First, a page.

UNH associate professor Julia Rodriguez arrived to her child’s day care on the morning of Sept. 11, 2001 to find several parents talking about planes hitting the World Trade Centers. Immediately, Rodriguez had a bad feeling. Her brother worked in World Trade Tower One.
She rushed home, listening to National Public Radio on her way. The phone lines were jammed and she couldn’t get a hold of her parents or brother. When Rodriguez finally heard back from her mother, all her mother knew was that Gregory Rodriguez, an employee of Cantor Fitzgerald, had left a voicemail telling her there was an accident at work, he was okay and that to tell his wife that he loved her. To this day they do not know what the accident was and what exactly happened to him. But Julia and her family would later find out that Gregory was one of 2,969 victims to die that day from the Al-Qaeda attack.
Every year, Julia’s parents would have some type of memoriam for their dead son and Julia usually travels to New York to join them. She has never gone to any of the memorials that have been made and instead keeps her mourning private. Years later, a program was set up to send the families of the victims down to Guantanamo Bay to see the pretrial proceedings of the alleged perpetrators. The Office of Military Commissions invited Julia and her mother down just a few months ago.
Guantanamo Bay has been a United States military base for more than a century. After the Spanish-American War, the US took over many nations either directly or indirectly, and after the Cuban revolution in 1951, Guantanamo was still held by the U.S. After Sept. 11, a prison camp was set up there and the alleged perpetrators of Sept. 11 and other alleged terrorists were held and interrogated for years. Many have been found not guilty or completely innocent, others are still there awaiting trial or are in the middle of trials. Dozens have been deemed appropriate for release. Julia, her mother, and about eight other members of different families were allowed to view the trials from behind glass.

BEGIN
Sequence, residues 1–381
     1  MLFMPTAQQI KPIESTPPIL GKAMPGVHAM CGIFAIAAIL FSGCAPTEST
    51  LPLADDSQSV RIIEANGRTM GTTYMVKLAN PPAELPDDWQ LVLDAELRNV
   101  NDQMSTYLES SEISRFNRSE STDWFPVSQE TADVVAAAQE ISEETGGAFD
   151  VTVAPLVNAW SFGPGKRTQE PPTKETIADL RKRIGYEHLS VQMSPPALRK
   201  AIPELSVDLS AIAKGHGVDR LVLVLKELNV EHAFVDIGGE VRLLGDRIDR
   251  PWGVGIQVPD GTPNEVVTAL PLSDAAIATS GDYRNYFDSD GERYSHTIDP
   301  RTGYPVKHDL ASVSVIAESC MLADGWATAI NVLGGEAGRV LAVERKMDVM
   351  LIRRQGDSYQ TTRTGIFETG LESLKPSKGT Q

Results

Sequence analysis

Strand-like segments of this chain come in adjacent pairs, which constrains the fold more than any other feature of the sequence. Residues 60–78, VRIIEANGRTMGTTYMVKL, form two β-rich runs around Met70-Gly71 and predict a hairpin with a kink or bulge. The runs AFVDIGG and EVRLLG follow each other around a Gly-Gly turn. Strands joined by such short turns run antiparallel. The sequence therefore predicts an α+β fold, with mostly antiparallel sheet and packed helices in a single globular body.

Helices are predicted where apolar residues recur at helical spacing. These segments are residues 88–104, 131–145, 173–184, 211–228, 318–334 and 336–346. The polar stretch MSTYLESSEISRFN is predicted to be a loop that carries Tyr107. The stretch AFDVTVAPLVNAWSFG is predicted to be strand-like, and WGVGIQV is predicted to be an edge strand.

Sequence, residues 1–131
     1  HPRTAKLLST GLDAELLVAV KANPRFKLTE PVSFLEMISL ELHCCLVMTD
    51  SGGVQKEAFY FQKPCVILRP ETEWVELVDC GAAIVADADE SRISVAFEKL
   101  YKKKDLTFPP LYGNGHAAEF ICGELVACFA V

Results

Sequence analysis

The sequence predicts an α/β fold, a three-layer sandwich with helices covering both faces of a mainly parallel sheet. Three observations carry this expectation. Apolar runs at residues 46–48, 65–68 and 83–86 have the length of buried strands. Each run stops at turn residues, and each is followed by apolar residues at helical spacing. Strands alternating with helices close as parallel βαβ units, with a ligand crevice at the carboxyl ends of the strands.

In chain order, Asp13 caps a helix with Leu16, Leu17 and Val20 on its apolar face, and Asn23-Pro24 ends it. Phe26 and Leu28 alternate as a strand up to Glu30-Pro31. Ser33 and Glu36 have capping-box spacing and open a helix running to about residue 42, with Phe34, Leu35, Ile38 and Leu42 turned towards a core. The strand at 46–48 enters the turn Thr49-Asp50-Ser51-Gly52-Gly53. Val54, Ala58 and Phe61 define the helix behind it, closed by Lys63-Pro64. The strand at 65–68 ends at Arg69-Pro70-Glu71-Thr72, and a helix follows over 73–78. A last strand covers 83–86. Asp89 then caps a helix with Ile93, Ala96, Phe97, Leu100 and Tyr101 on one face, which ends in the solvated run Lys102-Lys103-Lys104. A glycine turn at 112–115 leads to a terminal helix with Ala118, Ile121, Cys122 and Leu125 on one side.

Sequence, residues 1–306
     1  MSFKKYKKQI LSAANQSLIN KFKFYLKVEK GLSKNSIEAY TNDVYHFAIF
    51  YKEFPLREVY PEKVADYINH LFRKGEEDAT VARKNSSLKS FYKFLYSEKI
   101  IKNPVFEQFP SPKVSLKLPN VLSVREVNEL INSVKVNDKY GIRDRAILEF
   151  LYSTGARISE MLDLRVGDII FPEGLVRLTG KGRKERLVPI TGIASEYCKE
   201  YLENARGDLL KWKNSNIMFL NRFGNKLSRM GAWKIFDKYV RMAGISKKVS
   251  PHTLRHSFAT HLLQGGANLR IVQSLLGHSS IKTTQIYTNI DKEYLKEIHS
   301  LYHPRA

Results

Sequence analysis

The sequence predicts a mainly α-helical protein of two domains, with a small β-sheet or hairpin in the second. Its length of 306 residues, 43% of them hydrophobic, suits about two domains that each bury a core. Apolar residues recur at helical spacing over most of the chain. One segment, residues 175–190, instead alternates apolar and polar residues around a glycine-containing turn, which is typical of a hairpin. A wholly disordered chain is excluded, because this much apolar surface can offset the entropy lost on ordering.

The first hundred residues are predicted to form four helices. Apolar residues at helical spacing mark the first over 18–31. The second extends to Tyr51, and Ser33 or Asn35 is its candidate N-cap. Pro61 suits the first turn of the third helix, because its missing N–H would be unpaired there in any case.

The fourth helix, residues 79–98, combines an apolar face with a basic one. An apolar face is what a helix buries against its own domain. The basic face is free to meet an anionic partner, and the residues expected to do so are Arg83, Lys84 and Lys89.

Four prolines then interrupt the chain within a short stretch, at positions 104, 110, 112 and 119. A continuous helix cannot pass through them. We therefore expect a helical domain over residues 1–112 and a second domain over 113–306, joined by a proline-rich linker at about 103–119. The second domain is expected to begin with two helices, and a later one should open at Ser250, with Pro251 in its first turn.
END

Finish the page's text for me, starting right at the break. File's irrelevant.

“After Sept. 11, the Bush administration had completely mishandled the situation. I knew that the people who had murdered my brother were criminals, but I wanted the government to bring them real justice,” Julia said. “There should have been national cooperation to bring them to justice. My parents and family felt the same way.”
Julia feels the Obama administration inherited a tough situation and that moving the Sept. 11 Five, the alleged masterminds behind the attack, is highly unlikely. If convicted they will face the death penalty. Julia’s problem is how the U.S is carrying out the prosecution and the detainment of the prisoners.
Julia said, “What’s the law? We should do the law. We should prosecute them in the United States. But that’s not going to happen for the Sept. 11 Five. The law should be upheld. After Sept. 11 we abandoned a lot of our principles.”
It is now almost 15 years later since the terrorist attack in which almost 3,000 Americans lost their lives. Since then, the Bush administration went into two wars, thousands have died, and trillions of dollars have been spent, and numbers of war crimes were committed. The Middle East is still enmeshed in many wars and factions leaving much of that region in chaos. The Obama administration has done little to reverse that course. The justice and law that Julia and thousands of others are looking for is still pending.